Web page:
Revolution or Evolution for Energy Sustainability

  • Author: Charlotte Brückner
  • Published: 15 September 2012
  • Copyright: Wiley-VCH Verlag GmbH & Co. KGaA, Weinheim
  • Source / Publisher: Catalyst Magazine, University of California, Berkeley
thumbnail image: Revolution or Evolution for Energy Sustainability

In terms of future energy production methods, chemical engineering professor Alexis Bell, University of Berkeley, California, USA, propagates slow long-term changes. In contrast to some of his colleagues, he does not believe in any energy revolutions through electric cars, ionic liquids, or the hydrogen economy. “Evolution is better than revolution.”


Bell thinks that the hydrogen economy is unrealistic. He characterizes hydrogen as an energy carrier, not an energy source because it must be produced from methane or by electrolysis of water, and, therefore, it is cheaper to directly use methane.
Ionic liquids can be used as solvents for cellulose in biomass processing but due to their high price, over 99.9 % of them would have to be recycled. This makes their usage economically impractical.
The electrification of cars is of great interest, but the scarcity of lithium and some rare earth elements, needed for the batteries, requires a carefully thoughtout electrification strategy. Bell recommends producing more hybrid and fewer fully electric cars.


Changing the build infrastructure at once will, according to Bell, require more energy and resources than we have, even with an ideal plan for a low-carbon industry. Effective changes are needed, as we are running out of resources and the climate is changing. It is sure that “Nature will solve the problem with or without us”.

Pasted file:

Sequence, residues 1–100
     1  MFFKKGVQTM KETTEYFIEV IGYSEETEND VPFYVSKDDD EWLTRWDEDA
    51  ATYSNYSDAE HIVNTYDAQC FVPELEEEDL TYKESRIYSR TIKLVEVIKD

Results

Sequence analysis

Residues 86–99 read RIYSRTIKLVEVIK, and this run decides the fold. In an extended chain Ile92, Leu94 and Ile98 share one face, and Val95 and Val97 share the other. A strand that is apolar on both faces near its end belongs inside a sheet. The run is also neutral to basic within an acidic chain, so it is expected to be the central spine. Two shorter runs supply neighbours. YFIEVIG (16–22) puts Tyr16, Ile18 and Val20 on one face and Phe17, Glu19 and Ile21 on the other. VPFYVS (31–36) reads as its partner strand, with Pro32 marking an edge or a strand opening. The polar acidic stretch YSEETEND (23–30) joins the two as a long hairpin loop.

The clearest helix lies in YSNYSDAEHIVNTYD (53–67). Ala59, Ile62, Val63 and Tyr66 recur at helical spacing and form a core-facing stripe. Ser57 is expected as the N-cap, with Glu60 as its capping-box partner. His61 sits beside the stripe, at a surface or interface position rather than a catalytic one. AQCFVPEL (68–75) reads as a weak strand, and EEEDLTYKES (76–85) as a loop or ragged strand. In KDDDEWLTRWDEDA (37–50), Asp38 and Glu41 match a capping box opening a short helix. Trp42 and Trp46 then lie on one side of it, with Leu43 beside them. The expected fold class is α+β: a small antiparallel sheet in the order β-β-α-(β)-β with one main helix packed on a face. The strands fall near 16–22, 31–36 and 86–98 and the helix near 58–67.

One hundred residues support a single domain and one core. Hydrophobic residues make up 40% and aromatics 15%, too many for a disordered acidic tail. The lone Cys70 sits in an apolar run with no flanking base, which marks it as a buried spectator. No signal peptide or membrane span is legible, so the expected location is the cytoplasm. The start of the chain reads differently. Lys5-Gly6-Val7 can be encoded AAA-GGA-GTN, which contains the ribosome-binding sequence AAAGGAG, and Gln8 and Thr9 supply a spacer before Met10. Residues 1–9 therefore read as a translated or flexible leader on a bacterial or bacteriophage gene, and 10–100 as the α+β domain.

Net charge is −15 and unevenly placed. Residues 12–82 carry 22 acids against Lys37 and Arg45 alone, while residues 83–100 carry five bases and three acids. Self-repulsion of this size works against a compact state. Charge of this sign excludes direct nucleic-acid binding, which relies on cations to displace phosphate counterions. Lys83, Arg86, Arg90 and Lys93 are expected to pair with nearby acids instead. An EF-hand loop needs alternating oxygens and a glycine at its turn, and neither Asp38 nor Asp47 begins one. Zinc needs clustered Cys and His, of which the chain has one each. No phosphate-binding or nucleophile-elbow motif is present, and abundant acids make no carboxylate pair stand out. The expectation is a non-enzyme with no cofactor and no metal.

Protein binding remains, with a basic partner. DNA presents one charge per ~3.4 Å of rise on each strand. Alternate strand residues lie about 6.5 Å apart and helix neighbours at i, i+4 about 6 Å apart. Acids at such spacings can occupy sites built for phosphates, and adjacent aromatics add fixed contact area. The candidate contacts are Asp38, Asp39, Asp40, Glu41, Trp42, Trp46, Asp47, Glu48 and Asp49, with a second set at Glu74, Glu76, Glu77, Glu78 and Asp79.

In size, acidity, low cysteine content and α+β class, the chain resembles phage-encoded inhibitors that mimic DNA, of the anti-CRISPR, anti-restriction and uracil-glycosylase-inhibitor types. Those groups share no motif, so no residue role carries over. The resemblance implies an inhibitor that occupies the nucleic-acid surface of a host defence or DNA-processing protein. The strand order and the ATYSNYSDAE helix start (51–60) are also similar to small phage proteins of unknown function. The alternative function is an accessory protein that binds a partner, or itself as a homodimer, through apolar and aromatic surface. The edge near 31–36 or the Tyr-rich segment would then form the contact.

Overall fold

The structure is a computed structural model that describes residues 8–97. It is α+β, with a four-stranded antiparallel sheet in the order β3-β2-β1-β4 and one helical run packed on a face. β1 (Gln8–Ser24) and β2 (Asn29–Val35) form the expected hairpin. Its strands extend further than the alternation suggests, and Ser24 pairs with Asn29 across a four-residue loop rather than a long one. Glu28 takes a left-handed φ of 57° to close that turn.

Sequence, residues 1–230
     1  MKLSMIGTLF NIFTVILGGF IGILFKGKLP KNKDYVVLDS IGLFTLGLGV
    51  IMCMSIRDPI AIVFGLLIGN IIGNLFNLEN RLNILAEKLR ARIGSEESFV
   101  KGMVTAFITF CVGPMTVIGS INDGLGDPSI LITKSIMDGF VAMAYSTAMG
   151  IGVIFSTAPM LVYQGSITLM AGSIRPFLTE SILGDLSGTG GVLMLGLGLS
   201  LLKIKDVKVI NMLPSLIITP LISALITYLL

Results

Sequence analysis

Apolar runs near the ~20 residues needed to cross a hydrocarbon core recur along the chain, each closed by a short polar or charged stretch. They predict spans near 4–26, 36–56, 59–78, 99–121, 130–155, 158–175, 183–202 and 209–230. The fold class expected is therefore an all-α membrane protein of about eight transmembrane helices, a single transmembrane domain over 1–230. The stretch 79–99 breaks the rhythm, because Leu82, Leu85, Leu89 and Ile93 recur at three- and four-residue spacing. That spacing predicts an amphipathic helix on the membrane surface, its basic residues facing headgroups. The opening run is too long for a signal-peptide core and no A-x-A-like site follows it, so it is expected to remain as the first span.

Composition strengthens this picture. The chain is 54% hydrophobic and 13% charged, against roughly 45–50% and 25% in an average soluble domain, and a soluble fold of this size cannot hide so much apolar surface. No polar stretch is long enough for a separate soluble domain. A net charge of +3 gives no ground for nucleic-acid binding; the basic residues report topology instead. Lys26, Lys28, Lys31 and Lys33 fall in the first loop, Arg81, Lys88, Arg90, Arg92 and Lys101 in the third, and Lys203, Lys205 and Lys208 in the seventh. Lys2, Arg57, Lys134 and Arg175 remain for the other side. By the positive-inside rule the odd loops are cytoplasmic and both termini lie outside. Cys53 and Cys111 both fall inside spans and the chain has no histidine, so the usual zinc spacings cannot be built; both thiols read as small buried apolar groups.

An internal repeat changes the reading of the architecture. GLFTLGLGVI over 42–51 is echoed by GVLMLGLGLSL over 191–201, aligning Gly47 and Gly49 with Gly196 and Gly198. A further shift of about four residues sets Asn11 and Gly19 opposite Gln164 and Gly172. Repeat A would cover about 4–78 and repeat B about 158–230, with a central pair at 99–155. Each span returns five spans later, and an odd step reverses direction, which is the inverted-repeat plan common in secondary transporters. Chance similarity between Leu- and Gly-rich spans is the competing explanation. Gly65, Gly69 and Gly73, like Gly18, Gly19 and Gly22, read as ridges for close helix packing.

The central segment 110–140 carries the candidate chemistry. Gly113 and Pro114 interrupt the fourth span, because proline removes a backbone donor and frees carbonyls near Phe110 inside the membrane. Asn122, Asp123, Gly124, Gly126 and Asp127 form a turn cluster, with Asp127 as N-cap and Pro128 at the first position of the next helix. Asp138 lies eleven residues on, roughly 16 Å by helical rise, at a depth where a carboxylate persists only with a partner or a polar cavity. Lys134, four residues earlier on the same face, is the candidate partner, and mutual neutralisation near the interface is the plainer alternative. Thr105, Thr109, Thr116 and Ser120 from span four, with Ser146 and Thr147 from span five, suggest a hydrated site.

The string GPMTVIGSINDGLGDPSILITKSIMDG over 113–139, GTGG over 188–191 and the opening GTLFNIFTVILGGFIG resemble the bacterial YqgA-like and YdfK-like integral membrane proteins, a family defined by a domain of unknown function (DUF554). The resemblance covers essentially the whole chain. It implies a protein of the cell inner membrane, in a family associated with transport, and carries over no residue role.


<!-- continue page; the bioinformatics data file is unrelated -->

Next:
Bell’s research interests are fundamental aspects of heterogeneous catalysis, such as relationships between catalyst structure and composition and the catalyst’s performance, reaction mechanisms, and factors determining a catalyst’s activity and selectivity. He is a member of the Advisory Board of ChemCatChem.




Also of interest:


Article Views: 2684

Sign in Area

Please sign in below

Additional Sign In options

Please note that to comment on an article you must be registered and logged in.
Registration is for free, you may already be registered to receive, e.g., the newsletter. When you register on this website, please ensure you view our terms and conditions. All comments are subject to moderation.

Article Comments - To add a comment please sign in

If you would like to reuse any content, in print or online, from ChemistryViews.org, please contact us first for permission and consult our permission guidance prior to making your request

Follow on Facebook Follow on Twitter Follow on YouTube Follow on LinkedIn Follow on Instagram RSS Sign up for newsletters

Magazine of Chemistry Europe (16 European Chemical Societies) published by Wiley-VCH